Hawai'i Forgiveness Heroes
The 442nd Regimental
Combat Team (RCT)
100th Infantry Battalion
When the United States naval base at Pearl Harbor, Hawaii was attacked by Japan in 1941, all Americans eligible for military duty were called upon to fight -- except Japanese Americans. They were categorized as non-draftable; many of them and their families were placed into concentration camps.
But in 1943, the government reversed this decision and announced the formation of the 442nd Infantry Regimental Combat Team, initially consisting of 4500 Japanese American volunteers from the mainland United States and the Hawaiian Islands. Despite the racism of those days, they volunteered because they believed that, if there was to be any future for Japanese in the United States, they had to demonstrate their patriotism by fighting for their country.
Initially, the young men of the 442nd had to prove their loyalty to other American soldiers and to their commanders. And they showed immense courage in liberating the small town of Bruyeres in Southern France; they rescued the "Lost Battalion" (141st), a large group of Texas soldiers trapped behind enemy lines who were being relentlessly encircled by the Germans.
They were also key to the liberation of the hellish concentration camp at Dachau; their memories, accounts and photos form an important part of the historical record.
The stories of their heroism spread throughout the military as the war ended, until the 442nd became the most-decorated unit in United States history.
18,000 total awards were bestowed upon this relatively small group of soldiers, including 9,500 Purple Hearts, 52 Distinguished Service Crosses, Seven Distinguished Unit Citations, and 21 Congressional Medals of Honor. Many of these American heroes became pillars of postwar Hawaii, helping the nation to statehood and becoming key civic, business, educational and political leaders. Senator Daniel Inouye, currently the longest-serving United States Senator and the most senior Armed Services chair, was a decorated member of the 442nd. Senator Inouye's right arm was shattered by a grenade while successfully destroying three German machine gun nests; he was one of the recipients of the Congressional Medal of Honor in a belated recognition bestowed by President Clinton in 2000.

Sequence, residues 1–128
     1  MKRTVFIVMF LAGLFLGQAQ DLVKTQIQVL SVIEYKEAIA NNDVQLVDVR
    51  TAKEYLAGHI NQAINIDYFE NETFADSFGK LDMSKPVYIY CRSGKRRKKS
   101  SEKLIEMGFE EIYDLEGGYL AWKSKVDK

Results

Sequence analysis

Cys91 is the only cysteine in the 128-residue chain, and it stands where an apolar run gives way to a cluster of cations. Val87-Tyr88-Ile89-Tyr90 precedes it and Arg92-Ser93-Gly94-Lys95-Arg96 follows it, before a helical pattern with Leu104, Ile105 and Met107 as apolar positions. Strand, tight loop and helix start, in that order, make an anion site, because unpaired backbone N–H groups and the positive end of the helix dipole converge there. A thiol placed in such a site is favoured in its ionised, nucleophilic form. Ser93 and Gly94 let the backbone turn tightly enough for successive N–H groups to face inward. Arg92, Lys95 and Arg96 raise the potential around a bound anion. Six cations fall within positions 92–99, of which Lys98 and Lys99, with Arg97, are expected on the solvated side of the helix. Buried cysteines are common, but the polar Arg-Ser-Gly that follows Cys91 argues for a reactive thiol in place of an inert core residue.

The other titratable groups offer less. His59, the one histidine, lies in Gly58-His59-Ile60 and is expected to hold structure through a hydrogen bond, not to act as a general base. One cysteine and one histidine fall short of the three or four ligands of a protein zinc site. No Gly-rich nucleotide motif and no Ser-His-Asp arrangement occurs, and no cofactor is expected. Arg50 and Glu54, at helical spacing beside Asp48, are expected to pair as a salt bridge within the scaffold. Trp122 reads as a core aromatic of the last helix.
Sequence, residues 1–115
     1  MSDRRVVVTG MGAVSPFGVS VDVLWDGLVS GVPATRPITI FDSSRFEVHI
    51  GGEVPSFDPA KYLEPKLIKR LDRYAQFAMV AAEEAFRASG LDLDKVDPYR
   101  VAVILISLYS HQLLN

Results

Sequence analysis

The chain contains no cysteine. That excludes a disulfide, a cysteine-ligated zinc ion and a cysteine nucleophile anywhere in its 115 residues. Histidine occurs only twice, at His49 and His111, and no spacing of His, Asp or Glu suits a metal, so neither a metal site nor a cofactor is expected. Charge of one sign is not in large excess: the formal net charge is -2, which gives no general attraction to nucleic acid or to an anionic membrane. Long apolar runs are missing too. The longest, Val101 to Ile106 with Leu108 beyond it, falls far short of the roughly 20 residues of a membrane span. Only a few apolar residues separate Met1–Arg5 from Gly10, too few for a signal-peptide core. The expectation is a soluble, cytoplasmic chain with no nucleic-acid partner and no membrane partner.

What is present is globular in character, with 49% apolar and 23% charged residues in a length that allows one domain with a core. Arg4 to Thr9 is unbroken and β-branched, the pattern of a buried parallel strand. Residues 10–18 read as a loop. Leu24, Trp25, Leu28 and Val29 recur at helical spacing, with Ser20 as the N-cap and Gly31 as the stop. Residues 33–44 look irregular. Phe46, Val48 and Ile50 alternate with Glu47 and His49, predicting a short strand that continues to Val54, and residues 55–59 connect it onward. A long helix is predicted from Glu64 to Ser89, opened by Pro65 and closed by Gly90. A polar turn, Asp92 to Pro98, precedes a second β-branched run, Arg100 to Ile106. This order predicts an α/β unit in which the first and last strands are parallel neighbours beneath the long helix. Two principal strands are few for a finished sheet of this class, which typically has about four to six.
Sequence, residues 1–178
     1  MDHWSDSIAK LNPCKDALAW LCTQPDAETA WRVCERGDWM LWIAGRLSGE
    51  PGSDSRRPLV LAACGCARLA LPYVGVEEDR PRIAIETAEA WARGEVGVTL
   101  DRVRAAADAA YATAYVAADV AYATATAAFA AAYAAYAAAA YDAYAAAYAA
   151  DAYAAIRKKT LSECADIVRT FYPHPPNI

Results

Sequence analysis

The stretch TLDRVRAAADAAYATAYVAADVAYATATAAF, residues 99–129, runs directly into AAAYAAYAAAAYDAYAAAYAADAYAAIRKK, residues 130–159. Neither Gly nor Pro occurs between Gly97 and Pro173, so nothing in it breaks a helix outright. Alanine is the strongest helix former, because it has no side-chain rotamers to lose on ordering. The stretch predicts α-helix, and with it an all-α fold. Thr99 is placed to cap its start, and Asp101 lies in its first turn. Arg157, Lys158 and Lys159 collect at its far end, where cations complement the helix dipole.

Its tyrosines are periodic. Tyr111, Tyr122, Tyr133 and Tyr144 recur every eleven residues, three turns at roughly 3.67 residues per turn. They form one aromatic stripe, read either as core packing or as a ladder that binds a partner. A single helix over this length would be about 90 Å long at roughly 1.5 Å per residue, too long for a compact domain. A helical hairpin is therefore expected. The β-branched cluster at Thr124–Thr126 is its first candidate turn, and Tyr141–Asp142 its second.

The "No Japs Allowed" signs that the 442nd returned after the war have been replaced today by respect and honor in the modern State of Hawaii. These young men surmounted the abuse of themselves and their families and, by their dignity and forgiveness, exemplify true American heroism.
Their ranks have thinned, and the story of the 442nd remains relatively obscure to most people, even at home in Hawaii. The Forgiveness Project is proud to honor several living members of the 442nd Regimental Combat Team and the 100th Infantry Battalion at its meetings in Honolulu, August 1, 2004.
Here are some key links to learn more: